Philippi farmer Achmat Brinkhuis does not sleep most nights, but stands guard over his vegetable crops, pump-house and irrigation pipes.
He resorted to this after thieves stole farming equipment from his small-holding 17 times in the space of 12 months. “Sometimes in the morning, I can’t stay awake,” Brinkhuis said.
Brinkhuis was one of a group of farmers briefed by the provincial government on Tuesday on the findings of a socio-economic study, commissioned by the Western Cape Department of Agriculture, to investigate the significance of the Philippi Horticultural Area (PHA). The study, led by Indego Consulting, had a stark warning: If urgent action is not taken to protect the PHA soon, it will be lost.
The loss of the Philippi farmlands would result in the loss of thousands of jobs, millions of rands to the regional economy, cause a spike in the local price of vegetables, and make a dent in Cape Town’s food security, according to the study. Karen Harrison, who led the study, said the special growing conditions of the PHA were “irreplaceable” within a 120km radius.
Because it was cooler than the other big vegetable-growing areas of Ceres and Malmesbury, Philippi could produce vegetables in summer when those regions could not, giving it a competitive edge.
Farmers used water from the Cape Flats Aquifer beneath the area, which has made it resilient during drought. While drought has caused a 20% reduction in vegetable production in the Western Cape, there has been no production loss in Philippi. It produced three to four crops with a turnover of R400,000 to R800,000 per hectare annually.
The area created 3,000 direct and 30,000 indirect jobs, and contributed R484 million to the regional economy in direct turnover and R938 million in indirect. There was a spread of markets for Philippi’s produce, which made the area critical for food security across all income groups. Large commercial farmers dominated the retail market, while small commercial farmers focused on supplying the Cape Town market, bakkie traders and middlemen.
The study surveyed 90% of Philippi farmers. There was general agreement the area should be kept for farming. However, there was no guarantee that this would happen.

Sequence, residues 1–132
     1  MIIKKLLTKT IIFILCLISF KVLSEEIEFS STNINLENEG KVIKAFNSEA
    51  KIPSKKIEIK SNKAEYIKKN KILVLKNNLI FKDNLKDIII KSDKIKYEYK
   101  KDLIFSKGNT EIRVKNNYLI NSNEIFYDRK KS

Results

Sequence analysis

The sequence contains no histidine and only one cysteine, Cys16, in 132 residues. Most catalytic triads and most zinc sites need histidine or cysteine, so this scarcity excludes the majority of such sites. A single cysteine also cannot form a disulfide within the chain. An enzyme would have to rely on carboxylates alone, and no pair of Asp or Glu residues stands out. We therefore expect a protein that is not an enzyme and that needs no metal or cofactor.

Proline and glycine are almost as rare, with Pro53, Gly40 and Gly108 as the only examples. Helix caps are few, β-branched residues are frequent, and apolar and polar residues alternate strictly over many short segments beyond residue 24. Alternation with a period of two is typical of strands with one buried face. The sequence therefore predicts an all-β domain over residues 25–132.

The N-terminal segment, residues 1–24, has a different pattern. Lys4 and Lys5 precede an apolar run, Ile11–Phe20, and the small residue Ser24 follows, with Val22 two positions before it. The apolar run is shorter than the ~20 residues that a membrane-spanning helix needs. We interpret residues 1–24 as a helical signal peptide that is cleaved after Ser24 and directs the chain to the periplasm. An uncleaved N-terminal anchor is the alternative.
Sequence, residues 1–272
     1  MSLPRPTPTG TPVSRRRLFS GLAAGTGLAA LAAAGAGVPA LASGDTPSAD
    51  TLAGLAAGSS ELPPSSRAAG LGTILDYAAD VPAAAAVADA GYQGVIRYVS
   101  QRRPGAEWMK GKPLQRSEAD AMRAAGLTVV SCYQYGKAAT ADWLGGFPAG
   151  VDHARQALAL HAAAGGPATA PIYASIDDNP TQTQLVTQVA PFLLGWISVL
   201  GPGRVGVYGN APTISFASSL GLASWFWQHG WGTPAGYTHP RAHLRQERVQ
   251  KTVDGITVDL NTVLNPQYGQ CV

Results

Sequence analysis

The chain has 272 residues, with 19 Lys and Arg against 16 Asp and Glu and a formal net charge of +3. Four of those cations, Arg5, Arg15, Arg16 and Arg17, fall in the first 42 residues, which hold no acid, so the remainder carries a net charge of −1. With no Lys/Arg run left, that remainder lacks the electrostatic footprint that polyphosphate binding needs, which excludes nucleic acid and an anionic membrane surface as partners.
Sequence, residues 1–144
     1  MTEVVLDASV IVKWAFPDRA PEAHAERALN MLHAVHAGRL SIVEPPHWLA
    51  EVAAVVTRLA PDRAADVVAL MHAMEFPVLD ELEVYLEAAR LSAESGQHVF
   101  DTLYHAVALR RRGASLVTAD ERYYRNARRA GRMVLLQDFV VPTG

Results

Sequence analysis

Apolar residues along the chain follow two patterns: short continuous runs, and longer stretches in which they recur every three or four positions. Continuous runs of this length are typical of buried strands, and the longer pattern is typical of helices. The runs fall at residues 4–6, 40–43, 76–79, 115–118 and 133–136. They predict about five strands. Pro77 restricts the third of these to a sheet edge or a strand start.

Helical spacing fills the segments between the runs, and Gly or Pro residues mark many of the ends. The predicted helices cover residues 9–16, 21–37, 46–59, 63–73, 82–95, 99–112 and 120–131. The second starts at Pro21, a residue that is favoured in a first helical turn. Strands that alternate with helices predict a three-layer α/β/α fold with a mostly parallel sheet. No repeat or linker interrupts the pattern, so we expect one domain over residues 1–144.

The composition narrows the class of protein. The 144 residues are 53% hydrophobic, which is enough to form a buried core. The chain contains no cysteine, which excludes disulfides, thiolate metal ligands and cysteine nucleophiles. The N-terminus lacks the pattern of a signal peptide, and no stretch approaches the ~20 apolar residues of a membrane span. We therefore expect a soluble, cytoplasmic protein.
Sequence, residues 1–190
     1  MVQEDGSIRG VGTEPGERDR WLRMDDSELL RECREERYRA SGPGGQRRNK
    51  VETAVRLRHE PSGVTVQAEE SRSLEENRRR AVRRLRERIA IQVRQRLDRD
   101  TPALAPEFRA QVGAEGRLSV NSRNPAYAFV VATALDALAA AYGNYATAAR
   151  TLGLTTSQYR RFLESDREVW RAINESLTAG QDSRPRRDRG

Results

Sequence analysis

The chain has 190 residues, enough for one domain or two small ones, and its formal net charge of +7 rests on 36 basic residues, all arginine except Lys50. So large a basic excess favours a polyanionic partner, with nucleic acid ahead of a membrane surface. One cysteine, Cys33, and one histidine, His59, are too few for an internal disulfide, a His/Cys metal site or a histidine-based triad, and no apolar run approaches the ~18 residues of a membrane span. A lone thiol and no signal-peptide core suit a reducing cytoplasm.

“The farmers are under huge pressure from many sides,” Harrison said. This included a failure by government to manage and regulate the area; the massive problem of crime; land occupations in the east and illegal dumping.
The farmland was constantly being eroded, and had shrunk from 3,000 hectares in the 1960s to 1,884 hectares today. This was further eroded when the city council altered the urban edge to exclude a big piece of farmland, making Philippi’s footprint even smaller. This and the rezoning of land from agriculture to mixed use to make way for housing developments had placed “severe stress” on the PHA.
Philippi farmland was valuable for recharging the underlying Cape Flats Aquifer by allowing rainwater to seep through the soil. If farmland were paved over with housing, it would reduce the recharge.
The study recommended that the farmland had to be protected with legislation. The aquifer has to be managed and monitored, and crime needs to be addressed. “There is a real sense of urgency,” Harrison said.
MEC for Agriculture Alan Winde said the study had given the agricultural department clear direction. “It shows the competitive edge of these farmers, which says to the department: ‘Yes we must have a focus of protection.’ Food security will become much more of a concern for any city,” Winde said. He said the provincial department of agriculture would lead an intergovernmental team with other stakeholders to implement the recommendations. “We went to provincial cabinet with this and it was tough. Human settlements looks and sees space for housing. But now we have all the role players in one place,” Winde said.
The PHA Food and Farming Campaign have been fighting to stop two major housing development proposals for the southern sections of the farming area, which it says is some of the best farming land.
In the south-east the City and the provincial government have granted rights paving the way for developers to build the massive Oakland City with 30,000 houses, schools, and a light industrial zone. There is a second housing development, Uvest, proposed in the south west.
Asked how he would prevent more of this, Winde said government could not pass a law to say one could not sell one’s land to developers. “But we will try to find ways to make agriculture the viable choice here.”
Nazeer Sonday, spokesperson for the PHA campaign, said they were challenging nine City and provincial government decisions in court relating to Oaklands, Uvest and mining developments. Cape Town Mayor Patricia de Lille and Environmental and Development Planning MEC Anton Bredell are opposing the court application.
“We love the study, but if Winde is serious about protecting Philippi, he must get his colleagues Bredell and De Lille not to oppose this court action, but to abide by the court decision,” Sonday said. “Then we would not have to fight all the City and provincial advocates, only the developers. Our funding will not survive that.”
Asked to comment, Winde said Sonday was welcome to put his request in writing. “I will take it under consideration and request legal advice as to the possibility around this. As it is a legal matter, we would need to investigate all avenues thoroughly.”
By Melanie Gosling. Source: GroundUp